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  • Michelle Davies | The Journal Gazette Sierra Fronk cuts the straps on a zone 3 extensor tendon repair orthotic for classmate Madison Deloney during class at Huntington University's occupational therapy program based at Parkview Randallia.

Thursday, June 22, 2017 1:00 am

Doctoral opportunities slim

Few area schools offer degrees outside health care

RON SHAWGO | The Journal Gazette

At a glance

Grace College

Programs: Doctor of ministry, Doctor of intercultural studies

Description: “... to enhance professional competence by expanding upon an initial foundation of theological studies and ministry experience to enable those in vocational ministry to enhance current strengths, address areas of weakness, and increase overall effectiveness.”

Huntington

Program: Occupational therapy

Description: Promotes “development in faith, health and wellness, leadership skills, advanced practice, research and professional service.”

Indiana Tech

Program: Doctor in global leadership

Description: Advances “ability to lead in today's multifaceted environment and to conduct cross cultural research to examine interrelationships between culture and organizational leadership.”

Manchester

Program: Doctor of pharmacy

Description: “... puts students into experiential settings – community pharmacies, clinical, hospital and institutional – exposes future pharmacists to imagine a variety of career possibilities and applies real-world meaning to classroom and lab lessons.”

Trine

Program: Doctor of physical therapy

Description: Prepare students “to sit for licensure and finally practice in a clinical setting; consists of lectures, labs, and clinical education with an emphasis on real patient care experiences.”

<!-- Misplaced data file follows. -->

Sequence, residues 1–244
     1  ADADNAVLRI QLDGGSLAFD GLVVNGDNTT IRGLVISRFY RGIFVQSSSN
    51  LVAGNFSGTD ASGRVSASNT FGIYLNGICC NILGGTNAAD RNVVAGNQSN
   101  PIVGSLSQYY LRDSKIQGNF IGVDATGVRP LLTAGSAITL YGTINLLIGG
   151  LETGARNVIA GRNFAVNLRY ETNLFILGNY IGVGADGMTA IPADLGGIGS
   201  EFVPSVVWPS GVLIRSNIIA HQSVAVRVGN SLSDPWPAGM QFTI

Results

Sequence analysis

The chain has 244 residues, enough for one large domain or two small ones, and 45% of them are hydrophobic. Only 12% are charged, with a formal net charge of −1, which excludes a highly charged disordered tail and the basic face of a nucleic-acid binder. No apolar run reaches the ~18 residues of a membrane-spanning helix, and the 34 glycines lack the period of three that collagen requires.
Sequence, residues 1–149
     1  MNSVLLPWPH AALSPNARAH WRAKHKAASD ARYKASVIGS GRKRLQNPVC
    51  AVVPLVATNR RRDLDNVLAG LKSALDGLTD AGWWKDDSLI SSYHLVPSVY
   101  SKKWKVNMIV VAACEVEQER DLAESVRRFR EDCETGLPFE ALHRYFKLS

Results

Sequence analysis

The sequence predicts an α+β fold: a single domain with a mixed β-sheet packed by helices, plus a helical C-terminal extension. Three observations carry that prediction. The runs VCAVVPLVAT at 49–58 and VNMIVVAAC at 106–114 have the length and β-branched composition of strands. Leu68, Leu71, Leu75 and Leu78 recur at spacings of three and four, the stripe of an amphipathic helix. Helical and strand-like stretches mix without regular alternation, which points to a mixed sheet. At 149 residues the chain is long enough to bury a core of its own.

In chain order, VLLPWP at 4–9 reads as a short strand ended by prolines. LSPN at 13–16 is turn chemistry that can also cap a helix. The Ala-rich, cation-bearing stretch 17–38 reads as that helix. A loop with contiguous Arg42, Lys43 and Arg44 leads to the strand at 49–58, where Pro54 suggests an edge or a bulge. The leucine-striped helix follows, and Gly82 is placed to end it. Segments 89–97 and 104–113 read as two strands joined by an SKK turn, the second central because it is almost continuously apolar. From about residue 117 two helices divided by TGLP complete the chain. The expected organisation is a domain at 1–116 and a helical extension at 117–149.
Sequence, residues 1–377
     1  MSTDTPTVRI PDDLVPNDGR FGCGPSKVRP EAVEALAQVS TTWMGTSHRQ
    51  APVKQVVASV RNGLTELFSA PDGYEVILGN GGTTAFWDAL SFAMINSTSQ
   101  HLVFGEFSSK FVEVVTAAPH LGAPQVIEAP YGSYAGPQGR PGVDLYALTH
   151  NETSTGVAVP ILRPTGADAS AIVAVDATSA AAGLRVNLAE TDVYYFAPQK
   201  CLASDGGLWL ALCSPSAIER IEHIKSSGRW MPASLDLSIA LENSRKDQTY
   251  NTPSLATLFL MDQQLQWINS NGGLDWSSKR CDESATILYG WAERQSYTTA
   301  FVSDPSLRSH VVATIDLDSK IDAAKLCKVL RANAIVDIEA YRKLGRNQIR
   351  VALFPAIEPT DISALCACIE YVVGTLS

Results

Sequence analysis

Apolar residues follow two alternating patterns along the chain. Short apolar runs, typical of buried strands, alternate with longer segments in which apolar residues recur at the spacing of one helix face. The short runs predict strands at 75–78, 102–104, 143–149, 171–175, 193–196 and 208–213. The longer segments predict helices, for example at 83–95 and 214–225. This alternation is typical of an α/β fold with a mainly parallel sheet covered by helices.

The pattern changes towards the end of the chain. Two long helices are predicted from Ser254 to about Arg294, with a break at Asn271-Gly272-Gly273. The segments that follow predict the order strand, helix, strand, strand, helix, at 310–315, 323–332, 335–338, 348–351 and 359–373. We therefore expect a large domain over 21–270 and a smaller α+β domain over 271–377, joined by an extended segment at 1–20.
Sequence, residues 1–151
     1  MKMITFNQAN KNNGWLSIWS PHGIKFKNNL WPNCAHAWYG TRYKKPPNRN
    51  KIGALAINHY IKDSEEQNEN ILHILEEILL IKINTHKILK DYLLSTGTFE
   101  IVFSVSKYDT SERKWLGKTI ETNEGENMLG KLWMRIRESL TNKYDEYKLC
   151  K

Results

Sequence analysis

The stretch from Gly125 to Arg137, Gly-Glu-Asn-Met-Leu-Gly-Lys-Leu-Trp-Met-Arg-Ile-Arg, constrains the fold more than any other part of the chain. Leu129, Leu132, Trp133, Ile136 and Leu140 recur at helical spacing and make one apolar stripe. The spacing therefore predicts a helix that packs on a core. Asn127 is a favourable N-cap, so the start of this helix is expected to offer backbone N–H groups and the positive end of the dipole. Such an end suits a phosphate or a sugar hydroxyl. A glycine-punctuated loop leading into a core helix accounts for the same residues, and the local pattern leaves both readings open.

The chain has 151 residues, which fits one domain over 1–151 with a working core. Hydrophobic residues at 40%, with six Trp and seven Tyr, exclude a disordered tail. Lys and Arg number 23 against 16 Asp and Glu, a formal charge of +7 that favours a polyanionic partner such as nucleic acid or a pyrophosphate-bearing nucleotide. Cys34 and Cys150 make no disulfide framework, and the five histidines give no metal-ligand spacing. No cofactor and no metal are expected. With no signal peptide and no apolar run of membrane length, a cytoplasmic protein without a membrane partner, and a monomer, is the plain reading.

Saint Francis

Program: Doctor of nursing practice (fall 2017)

Description: “Students perform a minimum of 2,000 operating room hours and log 600 cases spanning each specialty area, such as open heart, thoracic, obstetrical and pediatric surgery.”

Sources: School websites

Doctoral degrees, the pinnacle of a college education, are few in northeast Indiana, with most focusing on the health care industry. Jobs in health care are growing, and fields such as occupational and physical therapy pay well for those with doctoral degrees.

Why there aren't more doctoral programs likely boils down to the expense of starting one, authorities say. Outside of health care, with jobs in high demand, it might be more challenging for other doctoral programs to subsidize the cost, said Ruth Ford, director and founder of the occupational therapy programs at Huntington University.

“But I am quite surprised at how few programs there are in this greater area, and that's maybe an undermet need,” she said. “And if we would bring in more higher-level education we would have more growth opportunities here locally.”

Elaine Pontillo agrees that expense is an issue. She is director of Indiana Tech's global leadership doctoral program, one of the few not related to health care.

“I think there's a need,” she said. “We're private, so we have a little more flexibility in building it.”

Doctoral and professional degrees earn top wages and have the lowest unemployment rate compared with lower education attainment, according to the U.S. Bureau of Labor Statistics. Employment for those degrees is projected to grow 12.2 percent by 2014, second only to a master's degree at 13.8 percent.